P&G Doubles Down on Digital Capacity and Shelf Orchestration With Supply Chain 3.0

Liz Dominguez
Managing Editor
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Procter & Gamble has its sights set on a supply chain-focused digital transformation. 

During a session at the Morgan Stanley Global Consumer & Retail Conference, P&G chief financial officer Andre Schulten dove into the company's supply chain strategy, focusing on Supply Chain 3.0 (an intermingling of emerging technologies and advanced algorithms). 

The intention of the company's Supply Chain 3.0 strategy is to remain at a level of productivity while continuing to invest in innovation and drive market growth. To do so, P&G has heavily invested in its supply chain’s digital capability over the past several years, and is looking to tap into those investments to drive productivity and cost effectiveness.

“We have invested in synchronizing the supply chain — all the way from the shelf demand signal to our Tier 2, Tier 3, Tier 4 suppliers,” said Schulten. “That allows us to take waste out of the system, reduce inventories, and free up cash.”

Automation is the big opportunity here, he said, which is being implemented in P&G’s distribution centers and supply warehouses. It will not only provide significant cost reductions, but drive supply chain resiliency. 

    A Look At Recent Innovations

    Earlier this year, P&G entered a new multiyear relationship with Microsoft Corp., which will allow the company to tap into a digital platform that will leverage the Internet of Things and help accelerate growth and innovation. 

    Implementing AI, machine learning, and edge computing services, P&G will have greater visibility and be able to digitize and integrate data from more than 100 manufacturing sites globally. This will enable the company’s employees to analyze production data and make real-time, data-informed decisions to drive significant improvements.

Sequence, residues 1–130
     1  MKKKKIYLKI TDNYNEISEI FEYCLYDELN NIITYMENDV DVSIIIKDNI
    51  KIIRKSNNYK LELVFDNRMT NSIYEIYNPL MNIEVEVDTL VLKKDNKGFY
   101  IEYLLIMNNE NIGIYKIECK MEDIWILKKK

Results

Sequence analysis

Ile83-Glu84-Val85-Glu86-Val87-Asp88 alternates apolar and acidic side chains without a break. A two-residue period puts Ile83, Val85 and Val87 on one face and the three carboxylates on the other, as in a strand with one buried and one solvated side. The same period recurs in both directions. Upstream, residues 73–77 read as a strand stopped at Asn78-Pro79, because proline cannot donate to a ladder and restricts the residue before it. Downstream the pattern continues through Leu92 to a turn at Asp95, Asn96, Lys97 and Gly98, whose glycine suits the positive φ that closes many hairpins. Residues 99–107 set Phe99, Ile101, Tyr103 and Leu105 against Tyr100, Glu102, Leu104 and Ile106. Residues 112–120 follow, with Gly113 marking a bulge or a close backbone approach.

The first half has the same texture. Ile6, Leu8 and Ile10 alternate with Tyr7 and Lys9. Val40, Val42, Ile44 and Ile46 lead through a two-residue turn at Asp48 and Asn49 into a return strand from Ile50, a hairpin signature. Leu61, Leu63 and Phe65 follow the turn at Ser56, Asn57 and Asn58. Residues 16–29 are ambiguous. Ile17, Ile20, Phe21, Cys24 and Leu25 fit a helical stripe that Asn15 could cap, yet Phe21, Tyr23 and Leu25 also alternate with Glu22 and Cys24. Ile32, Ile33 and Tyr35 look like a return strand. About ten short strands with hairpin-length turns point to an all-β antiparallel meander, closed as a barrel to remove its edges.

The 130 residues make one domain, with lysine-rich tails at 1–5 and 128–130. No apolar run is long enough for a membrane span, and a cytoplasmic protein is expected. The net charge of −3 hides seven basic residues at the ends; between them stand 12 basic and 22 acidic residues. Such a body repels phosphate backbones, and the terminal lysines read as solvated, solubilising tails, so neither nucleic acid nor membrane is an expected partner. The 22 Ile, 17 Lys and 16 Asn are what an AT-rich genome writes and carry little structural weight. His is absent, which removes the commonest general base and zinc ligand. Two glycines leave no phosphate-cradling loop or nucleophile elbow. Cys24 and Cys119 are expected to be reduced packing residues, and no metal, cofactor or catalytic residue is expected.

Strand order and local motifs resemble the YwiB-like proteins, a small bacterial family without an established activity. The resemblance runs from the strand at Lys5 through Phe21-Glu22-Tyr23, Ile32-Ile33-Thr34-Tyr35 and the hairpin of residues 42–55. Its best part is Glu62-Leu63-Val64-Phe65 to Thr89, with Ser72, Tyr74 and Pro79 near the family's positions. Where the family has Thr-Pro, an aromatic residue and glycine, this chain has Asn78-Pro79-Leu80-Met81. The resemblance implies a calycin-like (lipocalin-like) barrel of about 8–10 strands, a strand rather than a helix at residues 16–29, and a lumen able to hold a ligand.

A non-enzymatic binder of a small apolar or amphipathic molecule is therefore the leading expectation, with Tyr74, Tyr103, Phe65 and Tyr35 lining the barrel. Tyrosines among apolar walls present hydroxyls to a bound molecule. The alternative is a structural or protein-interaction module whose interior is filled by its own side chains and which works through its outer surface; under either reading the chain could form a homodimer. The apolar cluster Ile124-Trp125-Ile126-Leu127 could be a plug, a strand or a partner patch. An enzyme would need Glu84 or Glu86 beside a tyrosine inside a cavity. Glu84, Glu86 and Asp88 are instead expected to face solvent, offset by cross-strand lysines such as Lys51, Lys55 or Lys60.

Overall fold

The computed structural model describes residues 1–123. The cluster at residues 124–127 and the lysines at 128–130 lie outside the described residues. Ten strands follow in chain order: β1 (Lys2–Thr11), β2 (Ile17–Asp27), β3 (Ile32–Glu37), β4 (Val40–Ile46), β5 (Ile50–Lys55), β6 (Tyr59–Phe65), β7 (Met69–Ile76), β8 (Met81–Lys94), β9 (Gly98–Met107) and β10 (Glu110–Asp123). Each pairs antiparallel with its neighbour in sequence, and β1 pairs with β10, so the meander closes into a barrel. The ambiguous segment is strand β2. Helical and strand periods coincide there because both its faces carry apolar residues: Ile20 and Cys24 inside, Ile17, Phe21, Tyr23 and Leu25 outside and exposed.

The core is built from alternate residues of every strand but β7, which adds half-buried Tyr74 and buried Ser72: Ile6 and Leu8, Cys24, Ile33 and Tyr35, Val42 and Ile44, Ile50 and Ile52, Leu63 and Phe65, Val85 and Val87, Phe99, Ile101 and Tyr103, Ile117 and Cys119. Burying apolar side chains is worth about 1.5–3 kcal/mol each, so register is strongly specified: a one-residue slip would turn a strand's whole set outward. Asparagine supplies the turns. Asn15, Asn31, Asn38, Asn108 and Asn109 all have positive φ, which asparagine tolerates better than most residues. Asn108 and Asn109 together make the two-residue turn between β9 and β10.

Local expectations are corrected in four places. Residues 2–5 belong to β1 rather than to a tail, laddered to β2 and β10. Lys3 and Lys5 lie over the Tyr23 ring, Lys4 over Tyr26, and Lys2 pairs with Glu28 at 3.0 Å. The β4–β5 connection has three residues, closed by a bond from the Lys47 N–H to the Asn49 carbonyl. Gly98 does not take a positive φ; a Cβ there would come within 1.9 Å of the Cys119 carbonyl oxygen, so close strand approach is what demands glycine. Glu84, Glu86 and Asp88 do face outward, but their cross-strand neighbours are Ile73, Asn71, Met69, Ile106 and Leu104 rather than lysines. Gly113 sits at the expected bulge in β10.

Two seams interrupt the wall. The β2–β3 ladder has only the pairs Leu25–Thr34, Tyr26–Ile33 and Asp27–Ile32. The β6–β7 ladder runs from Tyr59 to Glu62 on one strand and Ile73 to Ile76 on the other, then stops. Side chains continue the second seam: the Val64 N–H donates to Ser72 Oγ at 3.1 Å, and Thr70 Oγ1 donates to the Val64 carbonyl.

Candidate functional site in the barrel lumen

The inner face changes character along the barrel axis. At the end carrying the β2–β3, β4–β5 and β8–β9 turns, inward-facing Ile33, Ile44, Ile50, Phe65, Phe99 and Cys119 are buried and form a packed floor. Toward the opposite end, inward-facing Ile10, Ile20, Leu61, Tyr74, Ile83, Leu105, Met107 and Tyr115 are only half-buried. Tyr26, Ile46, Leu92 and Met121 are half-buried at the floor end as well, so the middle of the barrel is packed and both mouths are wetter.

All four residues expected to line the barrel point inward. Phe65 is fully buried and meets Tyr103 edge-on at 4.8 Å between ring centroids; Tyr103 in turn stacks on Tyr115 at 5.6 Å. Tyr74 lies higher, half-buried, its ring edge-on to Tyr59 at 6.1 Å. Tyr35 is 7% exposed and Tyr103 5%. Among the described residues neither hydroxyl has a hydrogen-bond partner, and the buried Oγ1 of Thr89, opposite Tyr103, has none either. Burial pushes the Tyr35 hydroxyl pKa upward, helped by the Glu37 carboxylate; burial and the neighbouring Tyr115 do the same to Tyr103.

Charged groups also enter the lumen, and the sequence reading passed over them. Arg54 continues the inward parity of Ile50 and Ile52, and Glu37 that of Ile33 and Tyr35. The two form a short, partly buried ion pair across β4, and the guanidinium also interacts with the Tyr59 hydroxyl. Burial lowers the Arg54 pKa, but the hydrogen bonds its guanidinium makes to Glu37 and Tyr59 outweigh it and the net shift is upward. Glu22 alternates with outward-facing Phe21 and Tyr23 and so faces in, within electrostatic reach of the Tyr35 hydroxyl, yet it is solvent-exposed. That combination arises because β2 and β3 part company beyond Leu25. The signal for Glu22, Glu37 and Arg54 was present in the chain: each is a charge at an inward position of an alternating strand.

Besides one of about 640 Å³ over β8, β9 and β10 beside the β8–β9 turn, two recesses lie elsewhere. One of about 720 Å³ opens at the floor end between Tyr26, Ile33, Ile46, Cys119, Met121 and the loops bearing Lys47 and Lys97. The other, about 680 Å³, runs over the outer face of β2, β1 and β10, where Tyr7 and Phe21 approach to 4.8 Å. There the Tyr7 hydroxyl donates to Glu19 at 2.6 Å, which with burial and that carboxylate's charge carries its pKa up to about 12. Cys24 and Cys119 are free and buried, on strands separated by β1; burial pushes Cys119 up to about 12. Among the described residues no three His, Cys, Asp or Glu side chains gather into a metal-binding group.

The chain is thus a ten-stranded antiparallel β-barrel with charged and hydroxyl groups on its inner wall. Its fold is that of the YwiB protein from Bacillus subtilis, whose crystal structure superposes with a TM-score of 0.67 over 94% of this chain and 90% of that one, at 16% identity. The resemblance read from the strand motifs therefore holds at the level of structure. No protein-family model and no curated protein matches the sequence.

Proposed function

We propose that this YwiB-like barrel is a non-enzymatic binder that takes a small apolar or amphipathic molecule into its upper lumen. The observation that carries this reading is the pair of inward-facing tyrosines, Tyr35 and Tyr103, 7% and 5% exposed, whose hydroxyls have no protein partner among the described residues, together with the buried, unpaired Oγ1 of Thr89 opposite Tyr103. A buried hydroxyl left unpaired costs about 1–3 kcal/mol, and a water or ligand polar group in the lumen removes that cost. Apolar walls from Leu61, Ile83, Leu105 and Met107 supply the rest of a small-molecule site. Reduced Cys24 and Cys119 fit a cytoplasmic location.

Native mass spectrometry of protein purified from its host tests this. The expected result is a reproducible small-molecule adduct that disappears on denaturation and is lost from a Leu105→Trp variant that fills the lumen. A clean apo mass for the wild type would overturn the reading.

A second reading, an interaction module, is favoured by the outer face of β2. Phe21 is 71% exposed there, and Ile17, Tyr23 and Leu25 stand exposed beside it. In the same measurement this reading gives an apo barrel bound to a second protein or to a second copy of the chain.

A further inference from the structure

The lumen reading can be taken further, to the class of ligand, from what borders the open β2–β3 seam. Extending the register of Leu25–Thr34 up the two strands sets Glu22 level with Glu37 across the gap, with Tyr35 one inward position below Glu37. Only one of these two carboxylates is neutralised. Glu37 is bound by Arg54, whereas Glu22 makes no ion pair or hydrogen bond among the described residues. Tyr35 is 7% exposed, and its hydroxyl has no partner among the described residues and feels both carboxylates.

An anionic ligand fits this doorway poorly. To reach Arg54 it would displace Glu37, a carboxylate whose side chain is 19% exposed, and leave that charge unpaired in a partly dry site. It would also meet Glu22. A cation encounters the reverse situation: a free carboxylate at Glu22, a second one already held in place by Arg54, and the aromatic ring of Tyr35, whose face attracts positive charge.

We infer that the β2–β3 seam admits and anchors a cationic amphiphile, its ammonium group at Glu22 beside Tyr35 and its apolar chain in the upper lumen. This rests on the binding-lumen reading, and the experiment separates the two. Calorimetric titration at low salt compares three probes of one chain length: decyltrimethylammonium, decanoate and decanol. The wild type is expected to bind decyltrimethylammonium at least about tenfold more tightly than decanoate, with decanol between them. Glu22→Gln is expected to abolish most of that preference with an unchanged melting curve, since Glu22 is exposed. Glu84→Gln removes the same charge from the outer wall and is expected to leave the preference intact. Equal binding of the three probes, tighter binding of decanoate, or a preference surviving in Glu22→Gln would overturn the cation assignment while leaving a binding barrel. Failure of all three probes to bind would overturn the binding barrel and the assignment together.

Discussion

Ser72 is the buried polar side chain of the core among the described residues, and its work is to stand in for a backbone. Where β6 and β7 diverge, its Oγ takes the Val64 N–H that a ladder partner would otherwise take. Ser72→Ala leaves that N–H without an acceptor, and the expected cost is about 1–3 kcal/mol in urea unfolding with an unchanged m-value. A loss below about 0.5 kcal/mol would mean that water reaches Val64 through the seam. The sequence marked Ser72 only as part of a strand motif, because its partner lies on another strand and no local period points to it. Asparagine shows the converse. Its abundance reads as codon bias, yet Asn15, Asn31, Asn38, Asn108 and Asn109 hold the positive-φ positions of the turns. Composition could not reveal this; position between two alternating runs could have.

Read more here.

The technologies, however, must be flexible, adapting to environmental shifts in the supply chain that require companies to pivot. With P&G, this rings true as the company has had to reformulate its products with different materials and suppliers (without having an impact on quality and without interrupting the consumer’s regular experience). 

This nimble strategy, said Schulten, gives P&G leverage — and options.

What these approaches have in common, he said, is “they deliver cost reduction, but when you think about it, they also deliver improvements in supply chain resilience, on-shelf availability, quality, and the ability to react to retailer’s needs more quickly,” said Schulten. 

Additionally, through a digitally advanced supply chain, the company maintains its stability amid a bumpy landscape where pricing fluctuates and consumers are experiencing different stages of the inflationary cycle, he added.

Taking it to the Shelf Level

On a more targeted level, the advanced digital implementation is having a powerful impact on the company's on-shelf strategy. P&G has been able to build algorithms based on point-of-sales data and images of shelf orchestration in stores to determine the “optimal shelf set,” based on retailer’s shopper behaviors. 

“So based on their own shopper’s behavior, we can illustrate what is the right shelf orchestration? What are the right SKUs across the entire category that should be on the shelf? Where should they be? How many phasings should they have?” said Schulten. 

This allows P&G to drive shelf productivity, reduce the number of shelf keeping units, and also improve the overall shopping experience for customers. The building blocks are there, said Schulten, but the company hopes to stay in its existing cost range that it has delivered historically while meeting these goals. 

“That's no laurel to rest on,” he emphasized as he pointed to being No. 1 in supply chain for seven years in a row per the Counter Customer Satisfaction survey (he estimates). 

“There is still tons of work to do. So what I will focus on is, is our on-shelf availability better than the balance of the industry? Is our response time better than the industry? Can we operate the entire supply chain including retailer warehouses at lower inventory levels to be more cash efficient?” 

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